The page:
India and the US on Friday unveiled the text of the 123 Agreement that lays down the framework for the civilian nuclear deal. The agreement implicitly recognises India’s nuclear weapons programme and contains no direct reference to a US law that requires an end to the cooperation if India conducts any more nuclear tests.
The document ensures development of a strategic fuel reserve for the lifetime of nuclear reactors India places under international safeguards. The US will also help negotiate an India-specific fuel supply agreement with the International Atomic Energy Agency.
“The parties (India and the US) agree to consider the circumstances that may lead to termination or cessation of cooperation,” said the text, a reference to the possibility of an Indian nuclear test and New Delhi’s insistence on not going beyond a voluntary commitment not to test again.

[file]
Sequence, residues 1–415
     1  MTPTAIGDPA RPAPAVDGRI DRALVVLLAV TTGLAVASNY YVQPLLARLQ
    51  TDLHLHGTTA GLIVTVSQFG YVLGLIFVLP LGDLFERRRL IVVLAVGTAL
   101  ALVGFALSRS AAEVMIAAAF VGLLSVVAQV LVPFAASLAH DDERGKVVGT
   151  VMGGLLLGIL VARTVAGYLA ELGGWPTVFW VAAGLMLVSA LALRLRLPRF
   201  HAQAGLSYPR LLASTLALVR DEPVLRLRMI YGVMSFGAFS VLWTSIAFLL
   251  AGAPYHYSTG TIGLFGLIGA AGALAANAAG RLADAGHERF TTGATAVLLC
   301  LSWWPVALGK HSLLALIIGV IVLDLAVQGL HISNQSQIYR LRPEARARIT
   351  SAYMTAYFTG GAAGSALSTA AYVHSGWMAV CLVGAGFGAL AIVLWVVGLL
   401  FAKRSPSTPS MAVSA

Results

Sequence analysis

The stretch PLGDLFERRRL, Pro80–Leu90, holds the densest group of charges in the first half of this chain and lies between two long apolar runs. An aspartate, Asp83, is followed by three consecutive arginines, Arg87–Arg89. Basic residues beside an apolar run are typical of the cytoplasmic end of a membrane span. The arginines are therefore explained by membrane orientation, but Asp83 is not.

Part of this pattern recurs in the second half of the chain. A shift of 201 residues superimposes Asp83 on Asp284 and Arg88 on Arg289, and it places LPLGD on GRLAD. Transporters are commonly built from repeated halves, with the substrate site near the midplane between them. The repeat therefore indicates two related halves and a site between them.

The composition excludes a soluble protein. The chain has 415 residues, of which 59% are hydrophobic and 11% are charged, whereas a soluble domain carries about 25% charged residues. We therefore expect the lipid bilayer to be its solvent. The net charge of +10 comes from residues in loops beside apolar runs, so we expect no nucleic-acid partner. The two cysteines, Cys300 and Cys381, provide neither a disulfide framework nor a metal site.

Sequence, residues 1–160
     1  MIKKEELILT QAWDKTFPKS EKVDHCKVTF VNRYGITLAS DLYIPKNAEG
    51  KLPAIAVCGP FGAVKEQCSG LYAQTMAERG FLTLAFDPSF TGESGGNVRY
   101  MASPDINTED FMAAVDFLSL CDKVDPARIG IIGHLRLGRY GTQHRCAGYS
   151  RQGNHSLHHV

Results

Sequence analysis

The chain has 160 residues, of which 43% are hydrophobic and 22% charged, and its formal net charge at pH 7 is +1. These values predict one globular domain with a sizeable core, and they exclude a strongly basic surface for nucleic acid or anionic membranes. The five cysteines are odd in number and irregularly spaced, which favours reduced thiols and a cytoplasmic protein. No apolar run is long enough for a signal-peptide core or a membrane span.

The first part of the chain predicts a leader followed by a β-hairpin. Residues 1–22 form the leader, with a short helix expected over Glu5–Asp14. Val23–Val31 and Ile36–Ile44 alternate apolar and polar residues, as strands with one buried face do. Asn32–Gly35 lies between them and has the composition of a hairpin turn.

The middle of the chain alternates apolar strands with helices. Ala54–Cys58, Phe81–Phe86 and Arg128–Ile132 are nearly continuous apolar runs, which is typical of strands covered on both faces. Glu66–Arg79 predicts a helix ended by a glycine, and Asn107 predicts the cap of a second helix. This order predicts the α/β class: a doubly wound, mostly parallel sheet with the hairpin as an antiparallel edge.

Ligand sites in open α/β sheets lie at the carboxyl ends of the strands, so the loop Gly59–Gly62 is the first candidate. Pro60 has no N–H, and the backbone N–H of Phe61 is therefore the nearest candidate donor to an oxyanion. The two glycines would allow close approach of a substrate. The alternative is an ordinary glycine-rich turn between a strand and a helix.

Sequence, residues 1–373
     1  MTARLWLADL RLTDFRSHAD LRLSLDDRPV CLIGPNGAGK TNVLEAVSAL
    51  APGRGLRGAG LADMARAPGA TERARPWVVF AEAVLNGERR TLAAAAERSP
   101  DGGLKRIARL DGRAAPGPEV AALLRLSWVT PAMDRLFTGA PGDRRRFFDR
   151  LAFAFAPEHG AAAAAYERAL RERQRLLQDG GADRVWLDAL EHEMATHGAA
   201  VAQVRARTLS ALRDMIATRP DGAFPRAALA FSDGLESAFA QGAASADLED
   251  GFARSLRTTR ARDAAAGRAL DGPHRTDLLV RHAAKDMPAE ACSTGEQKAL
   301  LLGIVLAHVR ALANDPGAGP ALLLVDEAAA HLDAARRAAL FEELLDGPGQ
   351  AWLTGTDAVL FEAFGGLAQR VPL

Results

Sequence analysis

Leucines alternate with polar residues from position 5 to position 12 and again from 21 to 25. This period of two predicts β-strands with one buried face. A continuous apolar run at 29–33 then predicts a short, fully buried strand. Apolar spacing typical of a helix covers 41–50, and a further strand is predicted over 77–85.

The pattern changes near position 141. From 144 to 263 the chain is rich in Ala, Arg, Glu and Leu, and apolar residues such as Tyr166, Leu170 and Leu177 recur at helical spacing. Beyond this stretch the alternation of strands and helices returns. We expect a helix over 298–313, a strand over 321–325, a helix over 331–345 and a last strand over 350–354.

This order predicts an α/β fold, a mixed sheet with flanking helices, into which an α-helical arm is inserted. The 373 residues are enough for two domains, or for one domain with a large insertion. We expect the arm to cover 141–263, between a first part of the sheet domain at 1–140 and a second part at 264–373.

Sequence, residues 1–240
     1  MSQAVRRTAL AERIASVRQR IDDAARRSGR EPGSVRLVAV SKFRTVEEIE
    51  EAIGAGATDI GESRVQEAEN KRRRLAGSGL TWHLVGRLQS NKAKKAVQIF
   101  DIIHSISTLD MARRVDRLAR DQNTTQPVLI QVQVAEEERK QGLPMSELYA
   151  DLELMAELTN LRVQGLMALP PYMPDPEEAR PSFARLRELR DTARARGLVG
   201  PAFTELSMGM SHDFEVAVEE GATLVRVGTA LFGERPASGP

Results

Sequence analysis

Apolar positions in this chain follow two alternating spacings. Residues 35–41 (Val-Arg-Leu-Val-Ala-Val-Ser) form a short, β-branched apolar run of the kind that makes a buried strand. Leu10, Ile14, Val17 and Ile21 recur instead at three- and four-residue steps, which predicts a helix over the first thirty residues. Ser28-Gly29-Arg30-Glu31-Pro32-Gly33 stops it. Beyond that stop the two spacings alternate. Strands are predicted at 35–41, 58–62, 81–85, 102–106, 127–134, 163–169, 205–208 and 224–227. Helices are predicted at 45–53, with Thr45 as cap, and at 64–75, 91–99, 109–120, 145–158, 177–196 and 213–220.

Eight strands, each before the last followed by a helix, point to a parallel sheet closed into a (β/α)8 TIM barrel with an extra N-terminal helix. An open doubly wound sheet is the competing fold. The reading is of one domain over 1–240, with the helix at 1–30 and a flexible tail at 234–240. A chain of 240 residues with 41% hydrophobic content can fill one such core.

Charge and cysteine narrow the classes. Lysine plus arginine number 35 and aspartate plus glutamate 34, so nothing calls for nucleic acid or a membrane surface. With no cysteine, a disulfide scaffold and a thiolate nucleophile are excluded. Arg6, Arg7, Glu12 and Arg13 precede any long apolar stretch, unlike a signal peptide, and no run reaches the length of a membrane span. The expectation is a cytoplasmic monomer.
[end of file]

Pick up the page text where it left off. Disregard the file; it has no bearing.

Alluding to the weapons programme, the draft said the agreement would not “affect unsafeguarded (read military) nuclear activities”. The draft, posted on the websites of the Ministry of External Affairs and the US embassy, also gives India the right to reprocess spent nuclear fuel — a facility not extended to China under its agreement with the US in July 1985.
The 123 Agreement was made public ahead of a debate on the politically contentious deal in the Monsoon Session of Parliament.
The agreement, which becomes effective on the date India and the US exchange diplomatic notes on it, will be valid for 40 years. It shall continue to be in force for two additional periods of 10 years each. Each country may, by giving six months’ notice, terminate this agreement at the end of the initial 40 years or at the end of any subsequent 10-year period.
If either country wants to terminate the agreement mid-term, it can do so at one year’s notice.